Tasmania Australia - Travels around the forgotten Island in Aussie

Flying low over indigo waters, I saw below me the heart shaped island of Tasmania . Jagged coastline and unspoilt wilderness created a vision of rugged beauty, fitting for a place that feels like the ends of the earth.

Separated from the Southern tip of mainland Australia by the 240km stretch of Bass Strait, it's charms are slowly being discovered by the adventurous, chasing this paradise known as the jewel in Australia's crown. Encircled by the Southern Ocean and the Tasman Sea , Tasmanians breathe the world's cleanest air and rejoice in pure water, fertile soils, and superb local food and wine. The size of the Irish Republic with the population of Croydon, over a third of the state is reserved in a network of National Parks and the Tasmanian Wilderness World Heritage Area, a refuge for rare plants and animals.

Whilst Hobart is Australia 's smallest capital city, it is a vibrant and exciting place to visit. Lying at the foot of Mount Wellington , Hobart 's bustling waterfront is the focus of the city's events. South from here is Sandy Bay , the site of Hobart 's university and the Wrest Point Casino. We wandered first to the waterfront, and lunched at T42, one of the stylish cafes and restaurants lining the harbour. Salamanca Place comes alive on Saturdays; indeed, sounds, sights and smells assailed our senses at Salamanca Market. The eerie strains of the Didgeridoo drifted amongst Huon Pine carvings, lavender soaps, rich berry wines, silky honey and fresh lobster caught metres away. Vast orange sailing boats departed for Antarctica , whilst the triumphant Sydney to Hobart yachtsmen cracked champagne on their winning vessels.

Saturday afternoon saw us at Seven Mile Beach , one of Tasmania 's finest. Pink seashells and cool yellow sand slope gently towards icy crystal waters. Stunning beaches are commonplace in Tasmania , thus are deserted, leaving us free to comb the sands for turquoise sea glass and read, uninterrupted, under the windbreak of a sand bank. Those hardy enough braved the chilly waters, whilst I accompanied the inquisitive ebony Labrador on two of the seven miles, chasing the sticks he wouldn't run for. Having worked up an appetite, we chose the Cornelian Bay Boathouse Restaurant for dinner. Nestled on the shores of the Derwent River , overlooking the lights of the Tasman Bridge , this family run eatery enjoys one of the prime locations in Tasmania , and the finest seafood, caught locally and so fresh you could taste the sea breeze. Highly original and ever evolving, the menu features the very best of local food and wine, and a view that lingers on in your memory.

Freycinet National Park , crowded with eucycalpts, orchids and native wildlife, also boasts one of the world's top ten beaches, (Outside Magazine, 1999), Wineglass Bay . We hiked over the saddle of the pink granite Hazard Mountains ; aptly named I might add- walking boots are a necessity. I have a scar to remind me of my forgetfulness! The bay's perfect curve of chalk white sand and blue sea and skies form a simply breathtaking sight and a welcome reward at the end of the hike. It is truly spectacular. We camped on a designated site at the far end of the beach, and cooked white bait over a dancing flame, watched intently by an over friendly wallaby, who sat with us as the dusk came alive with crickets and crashing waves. A troop of boy scouts rather ruined our tranquillity the next morning!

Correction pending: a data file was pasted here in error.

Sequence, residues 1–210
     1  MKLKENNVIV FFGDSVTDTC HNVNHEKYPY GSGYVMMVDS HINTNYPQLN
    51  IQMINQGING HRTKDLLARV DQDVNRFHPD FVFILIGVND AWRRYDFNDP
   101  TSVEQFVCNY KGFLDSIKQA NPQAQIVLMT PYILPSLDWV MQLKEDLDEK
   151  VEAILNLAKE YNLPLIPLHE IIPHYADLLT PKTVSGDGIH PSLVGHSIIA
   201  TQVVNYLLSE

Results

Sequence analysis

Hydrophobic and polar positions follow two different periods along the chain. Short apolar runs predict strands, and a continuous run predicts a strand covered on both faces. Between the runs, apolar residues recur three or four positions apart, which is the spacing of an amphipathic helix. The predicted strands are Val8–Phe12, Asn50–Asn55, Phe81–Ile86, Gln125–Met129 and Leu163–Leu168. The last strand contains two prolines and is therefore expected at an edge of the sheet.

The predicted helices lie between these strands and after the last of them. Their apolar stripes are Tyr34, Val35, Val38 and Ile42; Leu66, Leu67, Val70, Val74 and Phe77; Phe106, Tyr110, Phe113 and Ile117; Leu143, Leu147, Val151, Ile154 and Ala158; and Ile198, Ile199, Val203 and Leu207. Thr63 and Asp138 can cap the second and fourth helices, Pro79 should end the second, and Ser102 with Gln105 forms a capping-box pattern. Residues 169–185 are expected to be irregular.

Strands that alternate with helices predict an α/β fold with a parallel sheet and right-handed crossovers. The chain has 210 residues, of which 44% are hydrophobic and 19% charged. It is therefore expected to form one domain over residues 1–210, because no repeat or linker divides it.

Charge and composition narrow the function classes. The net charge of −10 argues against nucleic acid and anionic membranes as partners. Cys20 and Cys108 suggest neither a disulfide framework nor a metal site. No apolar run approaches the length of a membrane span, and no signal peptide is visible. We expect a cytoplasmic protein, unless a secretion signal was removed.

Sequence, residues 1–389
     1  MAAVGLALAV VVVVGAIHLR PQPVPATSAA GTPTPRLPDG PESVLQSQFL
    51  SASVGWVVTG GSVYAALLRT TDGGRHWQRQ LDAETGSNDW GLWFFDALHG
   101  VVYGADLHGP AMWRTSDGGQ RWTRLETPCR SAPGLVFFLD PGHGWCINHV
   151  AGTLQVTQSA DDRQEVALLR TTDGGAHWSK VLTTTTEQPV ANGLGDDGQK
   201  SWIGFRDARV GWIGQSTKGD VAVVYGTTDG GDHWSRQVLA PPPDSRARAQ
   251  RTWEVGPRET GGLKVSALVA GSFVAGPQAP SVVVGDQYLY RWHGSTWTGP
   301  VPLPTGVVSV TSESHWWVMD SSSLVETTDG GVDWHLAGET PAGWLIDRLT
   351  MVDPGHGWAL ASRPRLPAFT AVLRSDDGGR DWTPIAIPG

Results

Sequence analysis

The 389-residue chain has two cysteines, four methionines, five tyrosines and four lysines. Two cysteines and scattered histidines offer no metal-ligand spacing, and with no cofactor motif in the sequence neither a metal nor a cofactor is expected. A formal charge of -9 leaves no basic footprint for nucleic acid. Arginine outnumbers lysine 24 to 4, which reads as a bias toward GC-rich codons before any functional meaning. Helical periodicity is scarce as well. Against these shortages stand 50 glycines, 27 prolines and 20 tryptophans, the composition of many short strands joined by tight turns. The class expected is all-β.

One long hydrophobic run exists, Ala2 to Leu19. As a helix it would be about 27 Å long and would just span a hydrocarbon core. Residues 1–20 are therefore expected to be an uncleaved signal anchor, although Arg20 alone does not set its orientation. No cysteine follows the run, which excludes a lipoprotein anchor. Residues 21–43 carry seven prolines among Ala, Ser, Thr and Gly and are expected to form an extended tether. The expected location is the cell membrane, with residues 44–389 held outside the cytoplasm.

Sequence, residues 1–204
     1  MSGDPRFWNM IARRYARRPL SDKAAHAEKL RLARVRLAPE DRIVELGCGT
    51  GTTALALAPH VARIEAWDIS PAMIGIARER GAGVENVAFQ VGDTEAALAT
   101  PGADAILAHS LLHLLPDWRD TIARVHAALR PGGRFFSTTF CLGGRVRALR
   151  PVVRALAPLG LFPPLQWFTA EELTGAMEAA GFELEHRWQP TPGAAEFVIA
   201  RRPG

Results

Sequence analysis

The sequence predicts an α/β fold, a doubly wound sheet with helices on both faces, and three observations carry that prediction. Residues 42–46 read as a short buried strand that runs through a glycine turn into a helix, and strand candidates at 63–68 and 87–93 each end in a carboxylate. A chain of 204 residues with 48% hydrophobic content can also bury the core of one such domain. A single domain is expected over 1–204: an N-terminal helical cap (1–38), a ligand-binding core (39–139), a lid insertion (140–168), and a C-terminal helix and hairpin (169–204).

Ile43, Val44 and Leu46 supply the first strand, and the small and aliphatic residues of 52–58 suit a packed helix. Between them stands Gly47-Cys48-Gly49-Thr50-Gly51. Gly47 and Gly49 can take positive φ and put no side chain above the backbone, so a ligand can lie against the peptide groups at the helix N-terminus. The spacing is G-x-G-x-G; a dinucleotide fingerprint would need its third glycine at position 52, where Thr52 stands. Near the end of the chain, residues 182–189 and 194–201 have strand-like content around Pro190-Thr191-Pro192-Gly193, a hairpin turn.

Sunday morning and an hour's scenic drive from Hobart brought us to Mount Field National Park , one of Tasmania 's oldest parks, and home to the magnificent Russell Falls . Fragrant, graceful ferns lined the paths, while giant eucalypts and myrtles towered overhead. The scent of the forest and the kookaburra's conversations conjured up, in my mind, the true essence of Australia , cementing all my imaginings. It was here, in this wilderness, with the sun casting a crochet blanket on the forest floor, that I felt the true power of Tasmania , a place a million miles, literally and figuratively, away from the chaos of reality.

Tasmania is not a holiday destination most Brits will have considered, partly due to the obvious distance and cost involved, but also because, such is its unspoilt nature, it is not mentioned on the world stage. Most Melbournians have never visited Tasmania , despite it being a shorter flight than London is to Scotland . I was pleasantly surprised by what I found, not a cultural backwater twenty years behind mainland Australia as I had first naively assumed, but instead a thriving small city with arguably the most stunning natural terrain in the world. Whilst Hobart could not be classed as a shopping or nightlife metropolis, charm and unspoilt beauty abound. T hose who dream of tranquillity should consider visiting one of the last great wilderness areas in the world. Let Tasmania revitalise your senses, as it did mine!

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